Design Strategies to Decrease Clutter, Increase Calm

by Cathy Purple Cherry, AIA, Founding Principal of Purple Cherry Architects
photography by Steve Buchanan, David Burroughs, and Durston Saylor

As the calendar year comes to a close and we begin to look ahead to the New Year, many feel the pull to organize, declutter, and bring order and calm into our lives. And it’s for good reason—the benefits of a well-organized home are thoroughly documented. Studies have shown that the state of our home can significantly affect our emotions and mental health. As the saying goes, “tidy home, tidy mind.”


by Gabriella Hoard-West
photography by Robert Llewellyn

Paperwhites have become a sign of hope to people worldwide. In the garden and the wild, this perennial returns each year on its own. The blossom heralds the end of winter’s reign as the first flower spirits emerge from Earth’s slumber.

Finding Hope

Hope’s Legacy Equine Rescue is a sanctuary for horses and people.
photography and text by Gabriella Hoard-West

Usually, the most impactful things are not expected. It all started during my studies. What in the world am I supposed to do for this assignment?
I had always been aware of Hope’s Legacy Equine Rescue. My family had several friends with connections to the executive director, Maya Proulx. We also reached out to maya and the rescue to find our own two miniature horses that we ultimately adopted. Despite the connection, it had never occurred to me to volunteer. After all, I’m in college; I have my own farm and plenty things on my plate. I wasn’t exactly seeking out more extracurricular activities.

Building Business AND Community

From the Desk of Elizabeth Cromwell, President and CEO of the Charlottesville Regional Chamber of Commerce

Our business community is still reeling from volatility in a post-pandemic, maybe-recessionary environment. Some sectors are booming, while others would be booming if only they could resolve the supply chain issues. Others are less bullish and struggle to hire staff and make ends meet. Sometimes it’s easy to forget to pause and reflect that we’re still here, and we’re still moving forward at an admirable clip.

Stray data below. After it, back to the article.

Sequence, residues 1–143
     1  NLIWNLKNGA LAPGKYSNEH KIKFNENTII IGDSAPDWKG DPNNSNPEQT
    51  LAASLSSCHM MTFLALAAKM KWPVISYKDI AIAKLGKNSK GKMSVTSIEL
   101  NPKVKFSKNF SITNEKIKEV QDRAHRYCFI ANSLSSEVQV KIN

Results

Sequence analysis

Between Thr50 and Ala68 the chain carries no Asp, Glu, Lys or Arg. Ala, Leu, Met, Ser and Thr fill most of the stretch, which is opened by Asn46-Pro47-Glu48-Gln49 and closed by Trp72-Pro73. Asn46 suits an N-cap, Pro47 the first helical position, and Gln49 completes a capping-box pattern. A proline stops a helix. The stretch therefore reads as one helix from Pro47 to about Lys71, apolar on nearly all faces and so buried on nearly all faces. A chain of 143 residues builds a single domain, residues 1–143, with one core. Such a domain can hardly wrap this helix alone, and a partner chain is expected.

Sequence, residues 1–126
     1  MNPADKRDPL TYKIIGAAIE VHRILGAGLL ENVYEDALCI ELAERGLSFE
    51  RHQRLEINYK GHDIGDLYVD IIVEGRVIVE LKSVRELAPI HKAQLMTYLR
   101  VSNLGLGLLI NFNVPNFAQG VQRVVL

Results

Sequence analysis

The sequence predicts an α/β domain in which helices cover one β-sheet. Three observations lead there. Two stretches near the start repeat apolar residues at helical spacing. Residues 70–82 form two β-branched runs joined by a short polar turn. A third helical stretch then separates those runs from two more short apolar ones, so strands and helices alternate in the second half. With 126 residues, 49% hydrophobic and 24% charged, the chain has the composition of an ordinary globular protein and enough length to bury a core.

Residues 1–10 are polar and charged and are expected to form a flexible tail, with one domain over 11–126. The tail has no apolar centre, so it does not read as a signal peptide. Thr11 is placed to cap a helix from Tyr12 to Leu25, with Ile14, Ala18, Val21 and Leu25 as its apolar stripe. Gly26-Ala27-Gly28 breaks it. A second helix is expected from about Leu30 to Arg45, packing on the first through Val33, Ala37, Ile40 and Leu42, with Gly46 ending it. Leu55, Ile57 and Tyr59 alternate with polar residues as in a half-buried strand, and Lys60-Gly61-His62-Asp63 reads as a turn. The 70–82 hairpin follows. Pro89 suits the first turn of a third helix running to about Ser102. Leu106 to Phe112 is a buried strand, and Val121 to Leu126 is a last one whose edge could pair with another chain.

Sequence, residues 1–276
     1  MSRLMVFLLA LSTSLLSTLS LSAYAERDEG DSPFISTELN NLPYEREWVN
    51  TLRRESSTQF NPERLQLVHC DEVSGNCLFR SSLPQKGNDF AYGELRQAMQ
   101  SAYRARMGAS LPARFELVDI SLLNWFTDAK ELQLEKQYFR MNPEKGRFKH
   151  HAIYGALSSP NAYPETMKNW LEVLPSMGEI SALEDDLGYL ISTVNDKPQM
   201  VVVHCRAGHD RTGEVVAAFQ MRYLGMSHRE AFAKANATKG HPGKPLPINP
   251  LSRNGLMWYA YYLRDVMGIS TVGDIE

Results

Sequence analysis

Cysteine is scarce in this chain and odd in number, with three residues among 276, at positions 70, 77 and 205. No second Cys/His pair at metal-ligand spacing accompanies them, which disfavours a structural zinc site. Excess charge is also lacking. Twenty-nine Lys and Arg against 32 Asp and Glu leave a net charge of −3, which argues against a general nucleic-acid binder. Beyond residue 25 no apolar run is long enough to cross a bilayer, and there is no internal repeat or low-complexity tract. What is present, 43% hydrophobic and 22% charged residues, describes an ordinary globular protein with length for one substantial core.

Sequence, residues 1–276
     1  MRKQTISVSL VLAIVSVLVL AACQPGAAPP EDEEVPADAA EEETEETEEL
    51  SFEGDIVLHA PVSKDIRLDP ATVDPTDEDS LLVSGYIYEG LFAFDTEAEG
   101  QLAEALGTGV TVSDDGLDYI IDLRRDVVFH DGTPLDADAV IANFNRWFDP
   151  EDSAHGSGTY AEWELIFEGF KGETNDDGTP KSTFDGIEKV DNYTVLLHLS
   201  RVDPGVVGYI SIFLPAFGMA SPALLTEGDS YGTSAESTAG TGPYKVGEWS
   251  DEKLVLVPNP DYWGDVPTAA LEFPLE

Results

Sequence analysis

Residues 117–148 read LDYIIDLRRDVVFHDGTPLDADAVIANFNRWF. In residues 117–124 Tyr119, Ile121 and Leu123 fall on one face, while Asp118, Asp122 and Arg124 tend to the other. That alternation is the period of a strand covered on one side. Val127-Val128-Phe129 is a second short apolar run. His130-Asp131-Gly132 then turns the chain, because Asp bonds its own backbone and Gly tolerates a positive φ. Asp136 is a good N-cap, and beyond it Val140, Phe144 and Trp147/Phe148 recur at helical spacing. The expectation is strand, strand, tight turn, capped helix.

Collecting with Ken

Shining a Light on Antique Lanterns
with Antiques Roadshow’s Ken Farmer images
Colonial Williamsburg Foundation and Brunk Auctions

Light a candle.

Back in the mid-1970s, when we first started going to country auctions, we discovered that the auctioneers usually sold the real estate first, then sold the items from the house and the barns. This process was a treat. Sometimes the estates would be untouched and have material items from generations dating to the late 18th or early 19th century—furniture, art, glass, and china. Next, the outbuildings contents—looms, spinning wheels, yarn winders, farm implements, and sometimes candle molds and candle drying racks would be auctioned.
As we start decorating our home for the holidays, let’s consider those early Germanic and Scotch-Irish settlers. In today’s world, when we search for a spice- or pine-scented candle for the holiday table and “atmosphere,” we head out to a gift shop or visit the internet. In comparison, early Americans were almost entirely self-reliant. Candles were expensive, so they made their own when possible.

All Creatures Great and Small

A Turtle Dove

The turtle dove, also known as the mourning dove, is one of the most common birds in the United States. They do well in habitats around people, which is why their mournful cooing is a familiar sound outside many American homes.

Albemarle Magazine


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